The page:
The incident that led to a lockdown at Rock Hill’s South Pointe High School last week turned out to be a false alarm. While school officials undoubtedly would rather not have had to endure such a scare, it did represent a good, real-world test of South Pointe’s emergency preparedness policies.
And, despite one small glitch, the school performed with flying colors.
Teachers were notified by students on the afternoon of Feb. 21 that they had received a Twitter message saying there would be a shooting after school. That was the first good thing that happened – responsible students informed school authorities that someone might be planning a violent act at South Pointe.
Teachers alerted administrators, and the school immediately went into lockdown, meaning no one could enter or leave the school as teachers and students began following prescribed emergency procedures. Then school administrators went down a checklist, which included a call to the school district’s safety and risk management official so the superintendent and board members could be notified.
That was the next good to happen – a quick and efficient response to a perceived threat to student safety.
The glitch? Apparently the checklist did not include clear instructions about notifying the district’s transportation office so that any buses approaching the school could be stopped. As a result, a bus returning to South Pointe from the Applied Technology Center with students to be dropped off on campus was not intercepted before reaching the school.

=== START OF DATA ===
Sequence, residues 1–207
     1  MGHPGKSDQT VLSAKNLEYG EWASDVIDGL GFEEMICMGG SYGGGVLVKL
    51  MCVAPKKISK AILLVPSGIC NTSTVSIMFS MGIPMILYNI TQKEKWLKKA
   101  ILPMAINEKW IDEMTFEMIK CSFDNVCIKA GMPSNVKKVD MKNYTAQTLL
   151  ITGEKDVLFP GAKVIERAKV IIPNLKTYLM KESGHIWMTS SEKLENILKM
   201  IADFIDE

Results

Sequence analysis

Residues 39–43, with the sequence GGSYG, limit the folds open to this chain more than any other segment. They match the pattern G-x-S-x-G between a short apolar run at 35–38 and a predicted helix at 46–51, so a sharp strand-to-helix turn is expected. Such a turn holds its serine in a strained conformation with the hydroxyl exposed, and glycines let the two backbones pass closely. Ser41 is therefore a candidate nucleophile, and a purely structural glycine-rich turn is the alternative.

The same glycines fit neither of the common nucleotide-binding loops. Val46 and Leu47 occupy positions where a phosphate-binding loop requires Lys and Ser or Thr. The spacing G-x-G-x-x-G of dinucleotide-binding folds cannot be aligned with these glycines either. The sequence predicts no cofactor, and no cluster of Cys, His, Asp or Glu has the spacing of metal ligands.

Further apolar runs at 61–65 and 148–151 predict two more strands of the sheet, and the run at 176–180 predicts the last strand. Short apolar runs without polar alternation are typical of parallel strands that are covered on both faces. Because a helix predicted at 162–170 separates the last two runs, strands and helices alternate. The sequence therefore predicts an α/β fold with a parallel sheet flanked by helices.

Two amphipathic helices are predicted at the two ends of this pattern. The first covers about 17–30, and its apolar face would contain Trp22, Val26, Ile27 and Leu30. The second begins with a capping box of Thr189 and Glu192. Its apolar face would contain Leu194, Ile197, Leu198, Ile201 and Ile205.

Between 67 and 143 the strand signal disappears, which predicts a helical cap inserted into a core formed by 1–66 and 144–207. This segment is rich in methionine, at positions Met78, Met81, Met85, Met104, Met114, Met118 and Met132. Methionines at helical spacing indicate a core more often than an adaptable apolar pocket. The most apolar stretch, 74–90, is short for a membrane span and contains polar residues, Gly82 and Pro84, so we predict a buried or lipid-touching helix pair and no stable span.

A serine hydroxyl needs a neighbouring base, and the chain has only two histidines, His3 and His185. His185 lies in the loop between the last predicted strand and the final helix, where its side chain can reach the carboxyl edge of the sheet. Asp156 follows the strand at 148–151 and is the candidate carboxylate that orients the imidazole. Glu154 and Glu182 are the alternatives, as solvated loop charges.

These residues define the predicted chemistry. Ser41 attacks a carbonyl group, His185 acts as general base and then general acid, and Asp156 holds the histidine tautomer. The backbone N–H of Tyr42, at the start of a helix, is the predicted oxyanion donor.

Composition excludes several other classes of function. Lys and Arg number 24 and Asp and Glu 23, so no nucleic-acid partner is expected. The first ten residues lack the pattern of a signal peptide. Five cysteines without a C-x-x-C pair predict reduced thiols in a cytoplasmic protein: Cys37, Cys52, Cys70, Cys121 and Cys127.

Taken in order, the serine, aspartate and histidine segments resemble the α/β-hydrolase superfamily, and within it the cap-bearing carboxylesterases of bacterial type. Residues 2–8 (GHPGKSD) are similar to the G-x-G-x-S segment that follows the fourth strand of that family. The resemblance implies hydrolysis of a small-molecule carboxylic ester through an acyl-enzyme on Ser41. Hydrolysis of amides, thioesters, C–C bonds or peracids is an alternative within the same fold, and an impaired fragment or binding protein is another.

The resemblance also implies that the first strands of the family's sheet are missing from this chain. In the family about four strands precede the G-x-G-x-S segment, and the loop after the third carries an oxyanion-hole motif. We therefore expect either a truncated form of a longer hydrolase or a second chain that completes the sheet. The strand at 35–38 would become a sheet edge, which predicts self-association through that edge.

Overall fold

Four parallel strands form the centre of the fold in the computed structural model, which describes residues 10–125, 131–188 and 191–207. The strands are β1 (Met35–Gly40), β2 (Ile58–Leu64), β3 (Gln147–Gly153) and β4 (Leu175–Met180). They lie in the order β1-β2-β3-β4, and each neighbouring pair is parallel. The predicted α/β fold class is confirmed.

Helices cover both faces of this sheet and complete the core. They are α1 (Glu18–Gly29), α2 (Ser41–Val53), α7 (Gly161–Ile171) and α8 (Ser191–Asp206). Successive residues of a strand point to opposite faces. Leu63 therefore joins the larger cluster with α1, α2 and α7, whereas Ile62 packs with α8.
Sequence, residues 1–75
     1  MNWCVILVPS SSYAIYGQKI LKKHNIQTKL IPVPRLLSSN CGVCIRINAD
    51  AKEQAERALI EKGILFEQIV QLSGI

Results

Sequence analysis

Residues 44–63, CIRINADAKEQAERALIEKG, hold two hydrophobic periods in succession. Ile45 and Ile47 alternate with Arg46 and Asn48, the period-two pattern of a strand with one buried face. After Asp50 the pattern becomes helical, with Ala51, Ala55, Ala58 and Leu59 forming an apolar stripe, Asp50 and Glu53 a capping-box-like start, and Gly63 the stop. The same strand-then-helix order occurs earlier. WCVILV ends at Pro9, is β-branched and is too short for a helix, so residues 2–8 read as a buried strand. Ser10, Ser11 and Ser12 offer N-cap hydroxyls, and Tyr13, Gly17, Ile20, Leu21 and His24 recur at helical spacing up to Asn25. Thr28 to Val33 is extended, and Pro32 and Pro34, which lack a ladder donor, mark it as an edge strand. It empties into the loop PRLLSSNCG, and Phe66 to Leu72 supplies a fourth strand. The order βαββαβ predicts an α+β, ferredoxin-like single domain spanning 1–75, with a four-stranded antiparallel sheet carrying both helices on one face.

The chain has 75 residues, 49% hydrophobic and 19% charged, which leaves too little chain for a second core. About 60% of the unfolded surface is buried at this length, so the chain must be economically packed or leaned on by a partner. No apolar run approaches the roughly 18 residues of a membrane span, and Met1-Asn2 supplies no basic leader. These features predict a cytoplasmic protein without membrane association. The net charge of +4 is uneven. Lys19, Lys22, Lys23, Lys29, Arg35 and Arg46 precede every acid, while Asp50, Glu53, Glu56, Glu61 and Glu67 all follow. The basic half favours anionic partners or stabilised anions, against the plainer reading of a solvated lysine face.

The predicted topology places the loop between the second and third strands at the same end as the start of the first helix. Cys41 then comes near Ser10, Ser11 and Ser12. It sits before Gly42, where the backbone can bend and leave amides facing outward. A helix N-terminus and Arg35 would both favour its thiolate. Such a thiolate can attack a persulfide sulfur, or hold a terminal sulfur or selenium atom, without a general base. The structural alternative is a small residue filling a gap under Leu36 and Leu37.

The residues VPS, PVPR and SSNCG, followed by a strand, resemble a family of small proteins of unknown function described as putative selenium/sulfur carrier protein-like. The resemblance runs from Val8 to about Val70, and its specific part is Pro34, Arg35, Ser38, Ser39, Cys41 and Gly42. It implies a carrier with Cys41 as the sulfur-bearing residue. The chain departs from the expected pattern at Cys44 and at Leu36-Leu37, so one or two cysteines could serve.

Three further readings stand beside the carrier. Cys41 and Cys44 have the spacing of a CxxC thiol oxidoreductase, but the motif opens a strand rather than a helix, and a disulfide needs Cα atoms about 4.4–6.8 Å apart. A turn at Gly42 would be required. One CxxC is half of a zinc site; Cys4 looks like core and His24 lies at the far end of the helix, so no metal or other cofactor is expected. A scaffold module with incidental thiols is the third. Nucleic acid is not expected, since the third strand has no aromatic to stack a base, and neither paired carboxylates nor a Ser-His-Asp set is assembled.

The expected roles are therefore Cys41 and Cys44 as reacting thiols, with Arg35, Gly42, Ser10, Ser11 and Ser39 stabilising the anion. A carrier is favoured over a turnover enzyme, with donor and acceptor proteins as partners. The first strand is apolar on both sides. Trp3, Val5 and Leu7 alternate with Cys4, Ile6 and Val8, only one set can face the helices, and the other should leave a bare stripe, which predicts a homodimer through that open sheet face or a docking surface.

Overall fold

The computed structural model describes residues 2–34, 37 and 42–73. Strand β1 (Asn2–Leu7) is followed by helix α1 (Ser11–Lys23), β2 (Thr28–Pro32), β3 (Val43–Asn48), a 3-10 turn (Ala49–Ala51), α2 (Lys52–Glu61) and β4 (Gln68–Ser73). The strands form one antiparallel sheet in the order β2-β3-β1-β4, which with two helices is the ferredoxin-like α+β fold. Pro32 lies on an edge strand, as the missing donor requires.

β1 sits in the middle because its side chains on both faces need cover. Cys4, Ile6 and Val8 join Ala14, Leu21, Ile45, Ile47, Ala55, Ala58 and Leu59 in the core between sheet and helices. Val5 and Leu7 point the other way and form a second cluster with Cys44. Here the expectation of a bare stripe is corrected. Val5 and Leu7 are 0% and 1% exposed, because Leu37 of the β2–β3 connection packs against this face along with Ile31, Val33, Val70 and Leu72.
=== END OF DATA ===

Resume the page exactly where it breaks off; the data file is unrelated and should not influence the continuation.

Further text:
When the bus arrived on campus, students couldn’t enter the school because of the lockdown. But Leonard and Rock Hill police said the students who got off the bus were never in danger.
About 15 police officers responded to the call. After a thorough search, they notified school officials that it was safe to release students.
All in all, the lockdown lasted only about 10 minutes. But they no doubt were a tense 10 minutes.
At around 4 p.m., Leonard said he called all South Pointe parents to inform them of “all I knew.” He followed with a message during the school’s video announcements, praising students for their conduct during the incident.
We would echo that praise and extend it to school administrators and teachers as well. This was an orderly response to a potentially deadly incident.
The district no doubt will fine-tune its emergency checklist to clearly specify who is responsible for notifying the transportation department about lockdowns. Also, Jim Vining, chairman of the Rock Hill school board, said Safe Havens International has been asked to review the incident.
That is appropriate. Safe Havens, a school safety consulting firm, recently presented its survey of the district’s security policies, urging the district to beef up crisis management plans and enact tighter security measures. Reviewing the South Pointe incident provides an ideal opportunity to dissect the school’s emergency plan and see if it can be improved.
But even if some changes are recommended, parents and students have to be reassured by the response to last week’s threat. Let’s hope other schools in the district are as well prepared.